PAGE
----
The hush that winter brings was broken Sunday afternoon by the distant wail of sirens. As the wail became less distant, we realized that the louder it became, the more likely it was the sirens were coming for one of our own.
Turns out this time they were for a widow in our ward. Her name is Lois. I don’t know her well. I know next to nothing about her family. Her story is now lost to me. I just know she died alone in the cold dark of winter. And no one knew. The abandoned newspapers strewn at her door indicate she may have been gone a day or two before anyone even realized they ought to have missed her.
This breaks my heart.
My boys used to deliver her paper. She lived in a tiny square house that sat rather isolated on its nearly otherwise empty lot. Clearly humble circumstances aside, she was one of the very few who bothered tipping. A widow’s mite, if you will.
Lois didn’t become more than a name on a neighborhood roster to me until after her husband died. He was, shall we say, not very social. So she didn’t get out much. When she did she seemed very quiet. Not withdrawn so much reserved. Eventually she started showing up to choir practice. I applauded her courage, as it was clear she was more accustomed to the back row than up on the stand. She had some condition that made her hand–I only recall ever noticing it on one–shake. One more reason to hold back, but she stepped forward to worship through song. I didn’t know her well even then, but I was so proud of her.
I’m not sure when she stopped coming to choir. Or if it was her or I who disappeared first. I just realized that at some point that instead of in the choir seats, the only time I saw her at church was back in the far left corner, one of two places in our chapel where the widows and the widowers sit. Not so much to sit apart from the rest of us, but to endure together the loneliness that even the most gregarious of them must feel.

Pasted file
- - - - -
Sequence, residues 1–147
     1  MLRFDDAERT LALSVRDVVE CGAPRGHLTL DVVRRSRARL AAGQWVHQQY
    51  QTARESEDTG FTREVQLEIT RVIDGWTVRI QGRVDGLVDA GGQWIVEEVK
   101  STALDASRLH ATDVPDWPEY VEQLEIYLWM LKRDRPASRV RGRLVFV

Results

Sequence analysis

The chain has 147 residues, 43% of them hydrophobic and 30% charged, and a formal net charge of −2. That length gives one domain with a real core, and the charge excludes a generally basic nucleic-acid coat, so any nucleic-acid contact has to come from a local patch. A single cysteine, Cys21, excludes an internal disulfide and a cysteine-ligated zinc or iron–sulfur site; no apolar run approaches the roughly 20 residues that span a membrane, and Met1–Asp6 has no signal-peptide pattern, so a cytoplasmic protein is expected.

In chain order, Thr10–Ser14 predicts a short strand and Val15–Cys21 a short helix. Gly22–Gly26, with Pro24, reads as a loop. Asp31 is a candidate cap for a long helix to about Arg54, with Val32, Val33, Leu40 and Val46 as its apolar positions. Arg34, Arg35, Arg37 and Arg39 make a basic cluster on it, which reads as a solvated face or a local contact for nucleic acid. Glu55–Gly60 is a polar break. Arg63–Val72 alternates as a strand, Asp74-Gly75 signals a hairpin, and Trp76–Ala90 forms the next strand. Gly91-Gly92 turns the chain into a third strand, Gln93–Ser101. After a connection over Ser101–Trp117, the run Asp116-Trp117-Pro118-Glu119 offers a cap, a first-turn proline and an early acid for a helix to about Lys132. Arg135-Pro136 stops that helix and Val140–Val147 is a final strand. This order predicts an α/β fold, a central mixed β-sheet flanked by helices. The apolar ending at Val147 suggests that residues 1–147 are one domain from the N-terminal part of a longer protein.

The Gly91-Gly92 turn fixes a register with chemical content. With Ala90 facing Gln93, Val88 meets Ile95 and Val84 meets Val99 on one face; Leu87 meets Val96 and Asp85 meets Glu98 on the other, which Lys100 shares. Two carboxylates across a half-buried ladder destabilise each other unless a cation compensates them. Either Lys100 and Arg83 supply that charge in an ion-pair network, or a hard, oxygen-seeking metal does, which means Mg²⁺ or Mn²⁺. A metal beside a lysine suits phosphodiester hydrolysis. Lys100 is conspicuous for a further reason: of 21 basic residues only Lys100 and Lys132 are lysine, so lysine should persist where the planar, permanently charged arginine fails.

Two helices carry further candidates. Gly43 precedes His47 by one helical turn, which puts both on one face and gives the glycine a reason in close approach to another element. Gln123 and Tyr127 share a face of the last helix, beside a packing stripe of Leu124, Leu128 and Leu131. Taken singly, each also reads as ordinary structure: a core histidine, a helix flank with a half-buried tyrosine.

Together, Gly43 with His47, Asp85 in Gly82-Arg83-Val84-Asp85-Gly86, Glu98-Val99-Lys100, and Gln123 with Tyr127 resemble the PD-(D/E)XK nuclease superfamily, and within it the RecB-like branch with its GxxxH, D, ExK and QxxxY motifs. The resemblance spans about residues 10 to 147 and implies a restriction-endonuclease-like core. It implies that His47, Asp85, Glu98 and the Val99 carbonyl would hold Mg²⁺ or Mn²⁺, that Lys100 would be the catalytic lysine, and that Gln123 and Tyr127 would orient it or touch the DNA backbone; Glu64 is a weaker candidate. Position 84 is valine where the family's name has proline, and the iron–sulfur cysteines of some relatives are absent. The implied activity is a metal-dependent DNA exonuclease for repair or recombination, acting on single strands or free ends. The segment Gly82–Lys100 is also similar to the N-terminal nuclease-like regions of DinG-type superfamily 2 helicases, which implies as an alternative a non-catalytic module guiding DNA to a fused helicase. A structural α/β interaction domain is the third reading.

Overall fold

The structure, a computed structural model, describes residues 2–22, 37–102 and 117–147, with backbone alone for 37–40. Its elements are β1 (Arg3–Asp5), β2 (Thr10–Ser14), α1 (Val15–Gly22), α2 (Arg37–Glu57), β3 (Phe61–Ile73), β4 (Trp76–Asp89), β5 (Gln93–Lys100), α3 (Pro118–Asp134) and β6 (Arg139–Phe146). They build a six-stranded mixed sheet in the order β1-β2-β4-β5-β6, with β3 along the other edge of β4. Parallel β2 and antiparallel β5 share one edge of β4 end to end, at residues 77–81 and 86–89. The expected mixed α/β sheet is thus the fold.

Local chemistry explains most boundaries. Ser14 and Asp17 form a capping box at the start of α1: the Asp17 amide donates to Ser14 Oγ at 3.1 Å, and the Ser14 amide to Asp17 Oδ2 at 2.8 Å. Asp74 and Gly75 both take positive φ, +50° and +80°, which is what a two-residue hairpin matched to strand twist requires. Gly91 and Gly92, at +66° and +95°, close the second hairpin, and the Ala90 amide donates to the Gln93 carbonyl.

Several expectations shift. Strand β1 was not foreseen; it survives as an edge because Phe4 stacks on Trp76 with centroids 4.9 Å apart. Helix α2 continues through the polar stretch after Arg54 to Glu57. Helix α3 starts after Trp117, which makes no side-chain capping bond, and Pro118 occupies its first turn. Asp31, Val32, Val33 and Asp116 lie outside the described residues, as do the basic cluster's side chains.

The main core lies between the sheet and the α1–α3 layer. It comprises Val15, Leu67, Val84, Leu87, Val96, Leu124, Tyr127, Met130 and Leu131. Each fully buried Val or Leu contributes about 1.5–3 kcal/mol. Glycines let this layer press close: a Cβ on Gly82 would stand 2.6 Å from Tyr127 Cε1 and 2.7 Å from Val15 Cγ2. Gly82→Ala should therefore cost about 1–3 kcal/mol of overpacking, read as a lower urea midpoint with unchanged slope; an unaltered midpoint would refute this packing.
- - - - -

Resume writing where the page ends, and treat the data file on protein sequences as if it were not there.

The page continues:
Even though my responsibilities require me to leave the meeting a few minutes early, I watch for them–particularly the sweet sisters–as I arrive and leave Sacrament Meeting. Ever ready with a hug, a pat on the shoulder or a gentle squeeze on the arm. I generally encountered Lois in the hall as she slowly made her way past the Primary room. Her sweet smile and gentle hello always warmed by heart. Notice that sparkle in her eyes? I am drawn to people who, despite the cares of this mortal world, manage to maintain the sparkle in their eyes.
I’m still watching for the obituary. I hope someone close to Lois will know and record her story. I don’t even know how old she was when she died. I just know I am grateful to have crossed paths with her. Sadly, I’m sure Lois is not the last person about whom I will have regrets.
I wish I’d have known her better.